But this is not simply a matter of short-term thinking: Cumbersome or malfunctioning enrollment systems, low-quality services, and lack of experience with insurance can discourage people from signing up.

Temporary subsidies, together with simplified enrollment procedures, can help to overcome these hurdles, leading to broader health-insurance coverage, even after the subsidies are removed.

This is what happened in Indonesia, when such a scheme was tested prior to the current crisis: Offering informal workers temporary subsidies for public health insurance increased coverage eightfold, without raising unit costs, and many retained coverage beyond the subsidy period.

An effective Covid-19 response must also include lifelines for small businesses. Formal, small- and medium-size enterprises represent an estimated 90% of businesses and 50% of employment worldwide.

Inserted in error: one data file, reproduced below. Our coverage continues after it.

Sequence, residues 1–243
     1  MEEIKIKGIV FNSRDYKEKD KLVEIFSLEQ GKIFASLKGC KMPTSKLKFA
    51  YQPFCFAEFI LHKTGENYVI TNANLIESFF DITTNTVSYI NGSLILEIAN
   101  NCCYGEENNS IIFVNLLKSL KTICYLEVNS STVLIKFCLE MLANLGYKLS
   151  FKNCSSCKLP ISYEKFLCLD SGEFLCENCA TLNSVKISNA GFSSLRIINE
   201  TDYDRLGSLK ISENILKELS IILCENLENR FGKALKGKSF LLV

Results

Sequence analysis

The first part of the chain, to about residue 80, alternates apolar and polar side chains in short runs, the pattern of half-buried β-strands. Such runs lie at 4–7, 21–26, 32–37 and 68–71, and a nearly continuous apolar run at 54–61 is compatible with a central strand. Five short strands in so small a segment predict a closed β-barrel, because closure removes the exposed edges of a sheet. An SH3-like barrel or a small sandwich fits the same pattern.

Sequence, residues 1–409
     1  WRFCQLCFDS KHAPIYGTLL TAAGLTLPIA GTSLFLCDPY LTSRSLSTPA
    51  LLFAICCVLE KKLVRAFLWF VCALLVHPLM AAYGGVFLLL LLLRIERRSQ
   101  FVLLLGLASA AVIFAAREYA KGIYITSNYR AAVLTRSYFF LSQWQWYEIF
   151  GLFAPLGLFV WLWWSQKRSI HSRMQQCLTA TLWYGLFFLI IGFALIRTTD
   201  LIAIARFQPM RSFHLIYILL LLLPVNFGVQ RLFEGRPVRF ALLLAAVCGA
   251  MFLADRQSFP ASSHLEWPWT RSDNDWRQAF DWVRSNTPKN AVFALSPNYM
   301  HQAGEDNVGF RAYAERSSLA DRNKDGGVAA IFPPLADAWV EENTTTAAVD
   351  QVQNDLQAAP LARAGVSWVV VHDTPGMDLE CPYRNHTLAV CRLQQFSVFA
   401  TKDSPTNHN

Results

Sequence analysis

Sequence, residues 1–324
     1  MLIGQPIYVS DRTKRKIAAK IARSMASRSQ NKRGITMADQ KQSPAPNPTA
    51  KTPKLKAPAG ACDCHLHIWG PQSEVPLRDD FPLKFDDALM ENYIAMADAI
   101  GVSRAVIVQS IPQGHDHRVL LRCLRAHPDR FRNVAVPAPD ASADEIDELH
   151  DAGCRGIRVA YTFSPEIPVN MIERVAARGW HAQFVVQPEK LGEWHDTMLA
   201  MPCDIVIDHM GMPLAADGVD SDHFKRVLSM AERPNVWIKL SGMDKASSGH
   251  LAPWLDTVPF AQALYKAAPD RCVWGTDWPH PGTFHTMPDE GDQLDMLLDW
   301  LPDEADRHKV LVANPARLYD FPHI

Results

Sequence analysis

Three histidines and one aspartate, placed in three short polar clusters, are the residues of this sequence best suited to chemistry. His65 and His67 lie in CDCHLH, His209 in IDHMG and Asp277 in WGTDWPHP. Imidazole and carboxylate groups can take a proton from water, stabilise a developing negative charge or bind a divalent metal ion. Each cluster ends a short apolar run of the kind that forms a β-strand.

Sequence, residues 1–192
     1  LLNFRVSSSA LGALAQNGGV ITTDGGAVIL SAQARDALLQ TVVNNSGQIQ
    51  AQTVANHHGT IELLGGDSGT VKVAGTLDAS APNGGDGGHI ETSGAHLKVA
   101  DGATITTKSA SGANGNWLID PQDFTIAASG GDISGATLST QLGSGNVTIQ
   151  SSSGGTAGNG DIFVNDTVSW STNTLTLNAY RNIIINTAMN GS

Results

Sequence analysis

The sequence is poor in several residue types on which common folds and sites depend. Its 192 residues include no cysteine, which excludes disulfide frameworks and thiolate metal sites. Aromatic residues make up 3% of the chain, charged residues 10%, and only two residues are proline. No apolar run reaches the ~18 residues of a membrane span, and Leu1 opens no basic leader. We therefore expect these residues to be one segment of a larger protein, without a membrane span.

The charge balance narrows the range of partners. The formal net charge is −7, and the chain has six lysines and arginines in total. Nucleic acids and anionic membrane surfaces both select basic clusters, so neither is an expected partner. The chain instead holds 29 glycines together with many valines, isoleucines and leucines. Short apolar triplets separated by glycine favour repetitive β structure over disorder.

But, because such businesses often lack cash reserves and face severe credit constraints, many will not survive temporary closures without support.

For formal businesses, governments should consider tax deferments and holidays for hard-hit sectors. Informal firms, which account for countless more jobs in developing countries, could work with banks and multilateral financial institutions to expand credit lines and cancel or suspend debt payments.

Some argue that welfare and subsidies discourage people from working. But our research shows that, even under ordinary circumstances, beneficiaries do not work less or invest differently.

During this extraordinary period of social distancing and lockdowns, arguing about work incentives makes even less sense.

Governments are forcing people to exit from the economy, so it is incumbent upon governments to help those people survive.

Rema N Hanna, professor of South-East Asia studies at the Harvard Kennedy School, is faculty director of Harvard’s Evidence for Policy Design, and scientific director of J-PAL South-East Asia. Benjamin A Olken, professor of economics at MIT, is director of MIT’s Abdul Latif Jameel Poverty Action Lab, and scientific director of J-PAL South-East Asia.

Copyright: Project Syndicate, 2020.